NBA Draft Model: Choosing Our Own Adventure as General Manager
The Golden State Warriors are the NBA champions.
Stephen Curry, a seventh overall draft pick, was the Finals MVP. The other half of the Splash Brothers, Klay Thompson, was drafted 11th. Draymond Green was the 35th pick. Jordan Poole was the 28th pick. Kevon Looney was the 30th pick.
Five of Golden State’s six minutes per game leaders during the 2022 NBA Finals were drafted and developed by the organization. That’s what is at stake for teams on Thursday night, with the Orlando Magic on the clock ahead of the 2022 NBA Draft.
And if finding a two-way wing is the goal of a franchise on Thursday, our new and improved NBA Draft model and its sliders can be adjusted to find the best potential fits and NBA player comparisons at the time they were leaving college.
What about other iterations? Let’s examine two sets of weights, through the hypothetical eyes of two general mangers: A and B.
General Manager A
General Manager A (GM A) is looking for a player with an All-Star type of upside, but mostly a player who has few weaknesses and will act as an elite glue guy. As such, GM A has emphasized shooting and team performance, with on-ball defense slightly behind.
Not unlike the exercise linked above to find a two-way wing, GM A is valuing similar components. However, GM A does not care about the position of the prospect, leaving the bio section at its original weight of 1.0.
On the other end of the spectrum, GM A does not particularly care about how prospects fared in post-up situations and is only slightly more interested in a player’s box scores and screening metrics, likely owing to the fact that the college and international game is vastly different than the NBA.
The results of arranging the sliders in this fashion immediately provide a couple surprises. Dyson Daniels, a G-League Ignite player last season, vaults inside the top five, moving ahead of Chet Holmgren from Gonzaga and Iowa product Keegan Murray.
However, maybe that isn’t the biggest surprise given that Daniels is considered a strong team defender and his 73.7 free-throw percentage should provide optimism that his jumper will translate at the next level. Some of his closest comps include Taurean Prince and Chris Duarte.
The most eye-popping jump, however, belongs to Malaki Branham out of Ohio State. Currently sitting in the late teens in the consensus boards, Branham jumps to ninth on the strength of a strong offensive projection. While his closest comp, Kevin Huerter, doesn’t inspire the most glowing of imaginations, his second-closest comp is reigning NBA Sixth Man of the Year Tyler Herro.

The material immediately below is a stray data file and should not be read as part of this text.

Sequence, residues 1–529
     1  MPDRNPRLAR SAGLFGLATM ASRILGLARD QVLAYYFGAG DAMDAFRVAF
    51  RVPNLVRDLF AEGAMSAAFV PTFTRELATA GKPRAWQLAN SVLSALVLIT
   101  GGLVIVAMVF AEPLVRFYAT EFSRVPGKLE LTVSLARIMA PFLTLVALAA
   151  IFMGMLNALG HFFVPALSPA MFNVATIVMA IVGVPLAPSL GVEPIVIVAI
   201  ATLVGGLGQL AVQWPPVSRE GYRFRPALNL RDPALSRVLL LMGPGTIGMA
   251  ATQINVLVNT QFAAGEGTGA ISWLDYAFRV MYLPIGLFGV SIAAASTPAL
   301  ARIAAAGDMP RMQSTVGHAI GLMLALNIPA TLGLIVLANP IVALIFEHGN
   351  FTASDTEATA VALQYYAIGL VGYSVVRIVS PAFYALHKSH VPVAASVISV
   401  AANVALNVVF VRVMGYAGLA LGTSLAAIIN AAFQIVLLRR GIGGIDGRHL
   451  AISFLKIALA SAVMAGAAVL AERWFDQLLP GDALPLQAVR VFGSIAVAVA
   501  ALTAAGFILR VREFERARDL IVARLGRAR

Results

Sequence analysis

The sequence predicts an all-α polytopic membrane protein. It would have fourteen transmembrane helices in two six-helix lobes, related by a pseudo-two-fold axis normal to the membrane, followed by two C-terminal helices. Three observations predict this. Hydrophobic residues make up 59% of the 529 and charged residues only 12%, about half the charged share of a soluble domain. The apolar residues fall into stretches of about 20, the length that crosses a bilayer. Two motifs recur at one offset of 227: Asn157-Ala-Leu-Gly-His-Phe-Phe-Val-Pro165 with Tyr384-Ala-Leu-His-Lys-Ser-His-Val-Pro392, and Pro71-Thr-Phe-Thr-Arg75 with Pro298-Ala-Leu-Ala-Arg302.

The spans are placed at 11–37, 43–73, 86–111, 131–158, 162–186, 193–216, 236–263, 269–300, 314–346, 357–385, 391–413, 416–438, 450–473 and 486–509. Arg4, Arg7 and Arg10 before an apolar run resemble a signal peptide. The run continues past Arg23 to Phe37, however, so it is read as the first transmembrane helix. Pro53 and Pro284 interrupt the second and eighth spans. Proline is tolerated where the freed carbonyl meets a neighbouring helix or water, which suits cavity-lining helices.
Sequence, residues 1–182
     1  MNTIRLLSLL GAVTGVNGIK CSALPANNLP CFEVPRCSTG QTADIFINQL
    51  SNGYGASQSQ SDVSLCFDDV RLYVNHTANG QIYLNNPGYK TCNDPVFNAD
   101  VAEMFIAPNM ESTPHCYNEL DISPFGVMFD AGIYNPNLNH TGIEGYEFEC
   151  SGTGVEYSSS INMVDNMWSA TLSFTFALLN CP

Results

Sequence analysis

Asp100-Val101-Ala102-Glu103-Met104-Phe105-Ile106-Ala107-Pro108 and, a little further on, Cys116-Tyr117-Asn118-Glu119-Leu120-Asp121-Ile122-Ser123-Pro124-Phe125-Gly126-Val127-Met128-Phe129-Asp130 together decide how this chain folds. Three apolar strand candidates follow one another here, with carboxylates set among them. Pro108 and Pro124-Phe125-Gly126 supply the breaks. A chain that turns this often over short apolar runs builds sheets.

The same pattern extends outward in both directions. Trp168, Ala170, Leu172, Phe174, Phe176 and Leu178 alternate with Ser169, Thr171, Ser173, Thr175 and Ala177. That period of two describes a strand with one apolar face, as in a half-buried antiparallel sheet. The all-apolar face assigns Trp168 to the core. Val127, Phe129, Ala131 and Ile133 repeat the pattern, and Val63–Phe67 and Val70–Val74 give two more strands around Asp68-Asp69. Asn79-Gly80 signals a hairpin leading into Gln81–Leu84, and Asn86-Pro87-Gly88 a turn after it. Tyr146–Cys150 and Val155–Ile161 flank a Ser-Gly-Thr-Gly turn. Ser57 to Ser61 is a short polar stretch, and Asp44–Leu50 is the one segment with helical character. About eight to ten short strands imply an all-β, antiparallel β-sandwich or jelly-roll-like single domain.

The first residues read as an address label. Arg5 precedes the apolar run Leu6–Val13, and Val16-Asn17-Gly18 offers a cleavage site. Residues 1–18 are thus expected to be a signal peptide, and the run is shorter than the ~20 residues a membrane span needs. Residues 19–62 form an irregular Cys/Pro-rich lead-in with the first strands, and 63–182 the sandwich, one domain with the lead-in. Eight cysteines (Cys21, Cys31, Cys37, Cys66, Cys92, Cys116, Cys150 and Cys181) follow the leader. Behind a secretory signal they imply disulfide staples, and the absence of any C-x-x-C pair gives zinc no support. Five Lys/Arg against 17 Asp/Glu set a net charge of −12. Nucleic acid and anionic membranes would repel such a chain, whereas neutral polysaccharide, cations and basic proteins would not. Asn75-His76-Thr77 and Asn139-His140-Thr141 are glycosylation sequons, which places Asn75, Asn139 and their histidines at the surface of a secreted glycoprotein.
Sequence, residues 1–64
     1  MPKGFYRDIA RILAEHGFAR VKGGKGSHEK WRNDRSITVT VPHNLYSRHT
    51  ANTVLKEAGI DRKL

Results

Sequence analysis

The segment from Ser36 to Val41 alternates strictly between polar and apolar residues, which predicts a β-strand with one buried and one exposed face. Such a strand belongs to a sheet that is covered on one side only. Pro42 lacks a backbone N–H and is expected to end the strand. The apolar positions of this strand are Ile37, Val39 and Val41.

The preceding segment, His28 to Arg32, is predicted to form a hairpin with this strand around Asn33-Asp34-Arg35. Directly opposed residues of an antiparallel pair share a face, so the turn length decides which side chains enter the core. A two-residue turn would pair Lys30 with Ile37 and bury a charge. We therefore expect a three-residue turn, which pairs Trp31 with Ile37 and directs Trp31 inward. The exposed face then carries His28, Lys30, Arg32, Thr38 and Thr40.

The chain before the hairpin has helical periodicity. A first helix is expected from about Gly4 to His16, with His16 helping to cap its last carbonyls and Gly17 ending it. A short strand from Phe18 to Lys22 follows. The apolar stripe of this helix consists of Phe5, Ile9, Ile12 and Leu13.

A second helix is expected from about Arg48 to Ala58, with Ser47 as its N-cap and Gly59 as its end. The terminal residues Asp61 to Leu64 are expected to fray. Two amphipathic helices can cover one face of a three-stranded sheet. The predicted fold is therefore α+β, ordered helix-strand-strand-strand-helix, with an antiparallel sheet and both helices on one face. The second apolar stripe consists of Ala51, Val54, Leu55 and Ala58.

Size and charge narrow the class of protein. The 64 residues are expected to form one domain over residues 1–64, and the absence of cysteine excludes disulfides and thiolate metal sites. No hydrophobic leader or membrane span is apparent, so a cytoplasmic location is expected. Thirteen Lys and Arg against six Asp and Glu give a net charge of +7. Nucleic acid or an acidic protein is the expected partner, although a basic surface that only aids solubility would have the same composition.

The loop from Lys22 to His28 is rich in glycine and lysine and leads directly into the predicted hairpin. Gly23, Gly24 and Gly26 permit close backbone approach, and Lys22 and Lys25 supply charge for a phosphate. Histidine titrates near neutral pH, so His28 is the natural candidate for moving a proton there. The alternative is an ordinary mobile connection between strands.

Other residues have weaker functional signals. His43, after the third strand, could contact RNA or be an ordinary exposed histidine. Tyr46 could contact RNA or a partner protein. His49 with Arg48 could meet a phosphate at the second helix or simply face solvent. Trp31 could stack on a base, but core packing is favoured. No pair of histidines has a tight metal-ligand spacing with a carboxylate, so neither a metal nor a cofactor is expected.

And the more you dig into it, the more you see the similarities between the two. Both are 6-foot-5 guards who weigh under 200 pounds. Herro’s shooting splits of 46.2/35.5/93.5 coming out of Kentucky were quite similar to Branham’s 49.8/41.6/83.3 splits, and both averaged between 2.0 and 2.5 assists per game.
General Manager B
General Manager B (GM B) is going offensive star hunting, highlighting shooting and attacking as the two key elements, with passing also among the top four key factors.
Meanwhile, there are quite a few factors that do not matter at all to GM B and most revolve around the dirty areas of the game.
Rebounding, post-ups, and screen offense and defense all received as little weight as possible as GM B has concluded those are not among the most important factors in attempting to determine potential NBA success in a draft prospect.
The results are mostly the same at the top, as both GMs receive a top three of Paolo Banchero, Jabari Smith and Jaden Ivey.
However, GM B also has a disruption in the consensus top four, as Shaedon Sharpe of Kentucky and his tantalizing skill set falls into the fourth slot.
It reveals a trend and a key difference between the philosophies of GMs A and B as nine of the top-10 players in GM B’s overall rankings are among the 10 highest projected offensive players in the draft. For GM A, only five of the top-10 players fall under that same criterion.
One final note on the model is the weight of the “Pre-Draft Rankings.” Sliding that all the way down and not caring about the consensus big boards create opportunities for less-heralded players to make some massive leaps.
For GM A, one such player is Christian Braun, a 6-foot-6 wing from Kansas. In the original results (with the pre-draft rankings weighted), Braun comes in at No. 30 with close player comps such as Josh Hart and Desmond Bane – two players who were both taken with the 30th pick in their respective drafts. If the constraints of looking for players with similar pre-draft rankings are removed, Braun comes in at No. 7 and Caris LeVert enters the fray as an extremely close player comp.
For GM B, one notable example is Nikola Jovic, who moves all the way up to second in the rankings after checking in at 16th initially. A 6-foot-9 wing who plays like a guard, his rise makes sense as a mostly offensive player who struggles on the defensive end. Kevin Porter is a frequent comp for Jovic.
However, one player who is not among Jovic’s top-eight comps in the original results but rises quite highly in the updated results is Jayson Tatum. Why? Well, excluding pre-draft rankings allows the pool of similar players to Jovic to expand, and Tatum, who was a consensus top-five player coming out of Duke, has some of the same characteristics as a 6-foot-8 wing who can handle and shoot.
Data modeling provided by Matt Scott of Stats Perform. Graphic design by Matt Sisneros.
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